Rational thinking is one of the hallmarks of humanity; this involves employing logic, controlling one’s thoughts and considering all possible alternatives before acting on anything. While being rational may sound great on paper, some believe rational people to be too insular and lack emotion altogether. People who consider themselves rational despite any stigma attached may simply act logically with good reasoning behind everything they do.

Human nature combines two very disparate yet interwoven traits, rationality and sensibility. Individuals exhibit either emotional or rational traits depending on who is viewing the situation; both aspects should be respected equally, since only emotionally driven people can appreciate beauty, art and aesthetics while those able to think deeply analyze situations have little regret in the long run.

What are the implications for researchers and marketers?

Mind is an extraordinarily complex place; no matter the technological progress we may achieve in understanding its depths and dimensions.

Humans possess remarkable communication and language abilities that enable consumers to effectively express their thoughts and emotions in words, drawing us ever closer. Traditional survey research can shed much insight into consumer emotions and thinking while all types of surveys help tap into extraordinary communication abilities and conscious knowledge that individuals possess.

Yes, people lie and exaggerate – but we’ve known this all along and know how best to manage such distortions with counteracting strategies such as survey research that identify these distortions as well.

Not all human emotions and thinking is conscious; certain parts of our brain cannot be reached with superficial group discussions or surveys; certain people cannot answer certain questions due to lacking self-awareness; many cultural influences exist without our awareness; thus making some types of answers nonresponsive or irrelevant to them. Like fishes aren’t usually aware of their environment, we too may not realize our cultural surroundings and therefore choose not to acknowledge certain desires and motivations in ourselves.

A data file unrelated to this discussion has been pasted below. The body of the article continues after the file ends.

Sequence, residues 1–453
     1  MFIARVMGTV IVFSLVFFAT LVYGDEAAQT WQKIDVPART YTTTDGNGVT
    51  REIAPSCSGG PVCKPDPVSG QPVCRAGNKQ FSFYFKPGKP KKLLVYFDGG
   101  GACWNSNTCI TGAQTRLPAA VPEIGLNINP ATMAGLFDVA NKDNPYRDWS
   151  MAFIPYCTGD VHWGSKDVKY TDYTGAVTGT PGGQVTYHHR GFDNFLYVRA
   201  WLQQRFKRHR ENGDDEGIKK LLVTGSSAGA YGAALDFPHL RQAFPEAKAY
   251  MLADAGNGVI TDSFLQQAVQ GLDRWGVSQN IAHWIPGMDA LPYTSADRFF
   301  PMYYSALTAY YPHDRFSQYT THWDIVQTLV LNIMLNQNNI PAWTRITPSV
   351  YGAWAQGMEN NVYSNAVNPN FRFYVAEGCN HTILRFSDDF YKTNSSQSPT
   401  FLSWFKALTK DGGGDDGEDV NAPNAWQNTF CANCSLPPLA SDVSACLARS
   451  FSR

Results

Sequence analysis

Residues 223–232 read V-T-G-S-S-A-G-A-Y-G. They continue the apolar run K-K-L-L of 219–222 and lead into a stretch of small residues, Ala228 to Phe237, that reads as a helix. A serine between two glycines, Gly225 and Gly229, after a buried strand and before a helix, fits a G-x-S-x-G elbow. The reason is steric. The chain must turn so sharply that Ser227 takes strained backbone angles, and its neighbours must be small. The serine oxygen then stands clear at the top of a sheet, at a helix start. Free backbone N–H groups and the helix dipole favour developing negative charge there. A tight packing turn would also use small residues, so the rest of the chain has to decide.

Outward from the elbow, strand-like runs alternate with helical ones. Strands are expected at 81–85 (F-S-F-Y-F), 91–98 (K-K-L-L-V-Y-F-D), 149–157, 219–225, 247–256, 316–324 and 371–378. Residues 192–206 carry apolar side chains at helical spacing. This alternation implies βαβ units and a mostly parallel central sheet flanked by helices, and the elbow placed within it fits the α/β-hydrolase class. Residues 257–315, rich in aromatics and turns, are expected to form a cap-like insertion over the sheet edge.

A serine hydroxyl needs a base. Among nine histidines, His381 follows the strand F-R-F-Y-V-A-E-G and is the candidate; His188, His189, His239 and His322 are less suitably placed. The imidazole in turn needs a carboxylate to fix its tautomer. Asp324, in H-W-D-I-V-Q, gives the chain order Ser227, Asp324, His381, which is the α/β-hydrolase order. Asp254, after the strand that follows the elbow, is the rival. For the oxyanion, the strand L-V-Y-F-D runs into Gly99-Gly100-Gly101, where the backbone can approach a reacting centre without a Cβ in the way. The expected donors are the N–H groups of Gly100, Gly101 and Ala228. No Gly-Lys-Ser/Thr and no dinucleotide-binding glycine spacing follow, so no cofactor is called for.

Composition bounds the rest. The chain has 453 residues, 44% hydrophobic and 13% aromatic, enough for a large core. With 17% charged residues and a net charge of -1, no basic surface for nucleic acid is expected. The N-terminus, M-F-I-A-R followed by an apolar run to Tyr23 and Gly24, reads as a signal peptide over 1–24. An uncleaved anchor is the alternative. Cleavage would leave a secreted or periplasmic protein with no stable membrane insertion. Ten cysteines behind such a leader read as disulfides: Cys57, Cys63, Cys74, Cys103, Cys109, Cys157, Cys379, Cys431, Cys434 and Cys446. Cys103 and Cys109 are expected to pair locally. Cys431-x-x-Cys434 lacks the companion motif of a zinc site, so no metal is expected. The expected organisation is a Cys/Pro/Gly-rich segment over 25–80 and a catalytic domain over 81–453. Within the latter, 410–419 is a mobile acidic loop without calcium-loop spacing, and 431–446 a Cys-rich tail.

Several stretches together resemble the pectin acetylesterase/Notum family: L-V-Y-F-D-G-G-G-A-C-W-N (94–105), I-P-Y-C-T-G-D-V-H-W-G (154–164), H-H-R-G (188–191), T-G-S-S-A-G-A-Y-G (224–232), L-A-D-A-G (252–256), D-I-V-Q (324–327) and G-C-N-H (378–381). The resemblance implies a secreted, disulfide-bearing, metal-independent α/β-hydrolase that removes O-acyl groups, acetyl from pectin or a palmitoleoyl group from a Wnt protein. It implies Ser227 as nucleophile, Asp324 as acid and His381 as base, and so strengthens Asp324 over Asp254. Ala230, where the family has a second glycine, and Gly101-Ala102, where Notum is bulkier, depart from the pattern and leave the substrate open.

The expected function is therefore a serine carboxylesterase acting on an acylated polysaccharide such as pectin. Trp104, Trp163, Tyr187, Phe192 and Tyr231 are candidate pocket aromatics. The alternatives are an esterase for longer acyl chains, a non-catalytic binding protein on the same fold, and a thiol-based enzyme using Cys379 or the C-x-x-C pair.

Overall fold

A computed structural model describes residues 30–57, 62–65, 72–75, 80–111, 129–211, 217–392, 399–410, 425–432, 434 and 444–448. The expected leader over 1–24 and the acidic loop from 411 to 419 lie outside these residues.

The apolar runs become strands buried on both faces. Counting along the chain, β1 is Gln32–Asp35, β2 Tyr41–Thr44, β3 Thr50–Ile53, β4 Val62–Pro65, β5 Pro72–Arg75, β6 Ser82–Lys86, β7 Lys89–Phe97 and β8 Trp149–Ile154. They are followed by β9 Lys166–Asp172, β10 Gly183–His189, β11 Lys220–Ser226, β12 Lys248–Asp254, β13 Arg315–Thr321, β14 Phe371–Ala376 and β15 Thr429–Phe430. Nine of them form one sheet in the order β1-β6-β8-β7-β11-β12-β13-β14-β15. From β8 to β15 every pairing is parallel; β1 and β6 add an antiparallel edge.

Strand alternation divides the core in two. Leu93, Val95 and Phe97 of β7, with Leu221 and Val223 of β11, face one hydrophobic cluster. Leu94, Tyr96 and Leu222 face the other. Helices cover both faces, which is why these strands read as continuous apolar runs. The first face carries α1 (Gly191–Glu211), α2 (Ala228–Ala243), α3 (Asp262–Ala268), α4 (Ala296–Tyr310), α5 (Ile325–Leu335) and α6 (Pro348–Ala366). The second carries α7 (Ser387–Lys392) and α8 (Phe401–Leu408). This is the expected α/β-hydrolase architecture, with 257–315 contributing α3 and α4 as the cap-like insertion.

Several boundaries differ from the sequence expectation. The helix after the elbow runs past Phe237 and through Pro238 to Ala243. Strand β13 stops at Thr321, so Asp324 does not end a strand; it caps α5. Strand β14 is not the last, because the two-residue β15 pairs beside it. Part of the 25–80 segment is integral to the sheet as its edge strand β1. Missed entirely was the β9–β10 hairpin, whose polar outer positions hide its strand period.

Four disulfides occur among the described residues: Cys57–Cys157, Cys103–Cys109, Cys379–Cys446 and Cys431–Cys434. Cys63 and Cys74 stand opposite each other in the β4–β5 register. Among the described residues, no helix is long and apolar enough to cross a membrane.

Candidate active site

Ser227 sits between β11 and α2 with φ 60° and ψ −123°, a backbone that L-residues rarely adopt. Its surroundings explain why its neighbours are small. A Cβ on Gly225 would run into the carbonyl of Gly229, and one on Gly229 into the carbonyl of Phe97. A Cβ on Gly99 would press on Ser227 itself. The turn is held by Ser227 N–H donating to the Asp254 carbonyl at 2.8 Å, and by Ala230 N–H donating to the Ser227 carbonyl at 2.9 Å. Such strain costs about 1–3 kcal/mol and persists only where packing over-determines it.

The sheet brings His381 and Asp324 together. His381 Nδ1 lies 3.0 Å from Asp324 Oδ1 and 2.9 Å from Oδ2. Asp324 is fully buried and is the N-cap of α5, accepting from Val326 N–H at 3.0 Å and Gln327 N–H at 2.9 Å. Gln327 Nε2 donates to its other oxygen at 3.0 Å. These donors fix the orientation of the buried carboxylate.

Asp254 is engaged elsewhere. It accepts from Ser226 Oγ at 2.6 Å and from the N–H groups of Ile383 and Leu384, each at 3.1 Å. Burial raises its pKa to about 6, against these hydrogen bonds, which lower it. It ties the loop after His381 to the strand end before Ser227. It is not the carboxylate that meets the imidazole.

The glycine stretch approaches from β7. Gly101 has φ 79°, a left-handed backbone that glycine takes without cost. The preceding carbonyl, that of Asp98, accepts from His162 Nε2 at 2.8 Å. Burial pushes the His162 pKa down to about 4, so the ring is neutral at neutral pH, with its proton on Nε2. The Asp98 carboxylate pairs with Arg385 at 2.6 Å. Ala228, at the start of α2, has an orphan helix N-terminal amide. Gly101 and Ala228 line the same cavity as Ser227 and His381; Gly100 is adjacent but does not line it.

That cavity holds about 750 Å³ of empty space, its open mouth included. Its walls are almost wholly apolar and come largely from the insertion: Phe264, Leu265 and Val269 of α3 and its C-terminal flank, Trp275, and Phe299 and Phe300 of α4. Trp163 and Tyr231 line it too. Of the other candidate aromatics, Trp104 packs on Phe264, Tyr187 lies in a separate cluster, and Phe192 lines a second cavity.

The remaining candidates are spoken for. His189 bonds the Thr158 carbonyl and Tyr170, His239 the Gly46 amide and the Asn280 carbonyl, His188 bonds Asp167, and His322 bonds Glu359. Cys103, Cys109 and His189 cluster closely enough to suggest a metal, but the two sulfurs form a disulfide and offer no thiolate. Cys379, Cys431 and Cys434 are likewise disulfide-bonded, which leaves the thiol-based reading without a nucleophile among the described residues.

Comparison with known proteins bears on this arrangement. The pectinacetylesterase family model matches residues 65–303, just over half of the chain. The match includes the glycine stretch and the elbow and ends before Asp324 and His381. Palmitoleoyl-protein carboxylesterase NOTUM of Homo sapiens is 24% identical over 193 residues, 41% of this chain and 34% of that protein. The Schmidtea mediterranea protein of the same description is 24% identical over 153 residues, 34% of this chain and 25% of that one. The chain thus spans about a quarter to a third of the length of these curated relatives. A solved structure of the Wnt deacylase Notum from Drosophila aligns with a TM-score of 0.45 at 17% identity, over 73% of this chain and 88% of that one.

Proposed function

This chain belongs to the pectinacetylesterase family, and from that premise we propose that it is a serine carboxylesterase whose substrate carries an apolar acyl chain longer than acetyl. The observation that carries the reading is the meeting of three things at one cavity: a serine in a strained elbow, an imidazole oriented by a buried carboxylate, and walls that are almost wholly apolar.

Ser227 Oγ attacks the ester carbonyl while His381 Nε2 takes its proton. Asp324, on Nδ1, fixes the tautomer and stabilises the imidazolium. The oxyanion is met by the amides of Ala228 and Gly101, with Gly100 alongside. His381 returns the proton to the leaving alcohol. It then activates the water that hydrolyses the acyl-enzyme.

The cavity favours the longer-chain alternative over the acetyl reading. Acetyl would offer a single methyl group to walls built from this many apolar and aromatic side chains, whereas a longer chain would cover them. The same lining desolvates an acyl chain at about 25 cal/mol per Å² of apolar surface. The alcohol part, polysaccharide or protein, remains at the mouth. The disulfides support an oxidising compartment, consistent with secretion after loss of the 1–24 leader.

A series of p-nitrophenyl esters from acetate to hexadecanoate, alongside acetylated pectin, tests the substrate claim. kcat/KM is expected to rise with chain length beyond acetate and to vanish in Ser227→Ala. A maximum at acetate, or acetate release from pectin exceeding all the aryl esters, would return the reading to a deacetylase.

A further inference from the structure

Qualitative techniques in the hands of experienced researchers can assist us in accessing non-conscious motives, feelings and influences from culture. Projective techniques, ethnography and semiotics may all serve to illuminate these hidden parts of mind – perhaps neuroscience measurements could even become invaluable when trying to comprehend their significance!

As marketers and researchers, we must integrate knowledge about conscious, non-conscious, and emotional minds into an approach for marketing decisions and research studies. Understanding their interactions provides maximum benefit; however it only goes so far towards producing definitive answers that reach decision makers’ “event horizon.”

Never lose sight of the fact that marketing decisions must take into account economic conditions, industry trends and technology changes as well as corporate goals, product category variables and competitive forces before being made. Making sound marketing decisions involves understanding human emotions, rationality (both conscious and unconscious) corporate aspirations as well as human intuition – our brain is an amazing visual/symbolic computer with limitless creativity so let’s honor its beauty by not oversimplifying or providing imprecise descriptions – listen carefully to both brain and tongue!


Acknowledging the difference between rational and emotional thinking is vital for making sound decisions. Rational reasoning relies on logic and evidence while emotional responses draw from feelings and personal experience.

Each type of thinking offers its own benefits and characteristics; finding a balance between them will result in optimal decision-making outcomes; emphasizing one over another can have detrimental results; using both approaches allows individuals to make well-informed choices which take both facts into consideration as well as personal relationships and values when making informed choices.

By kotha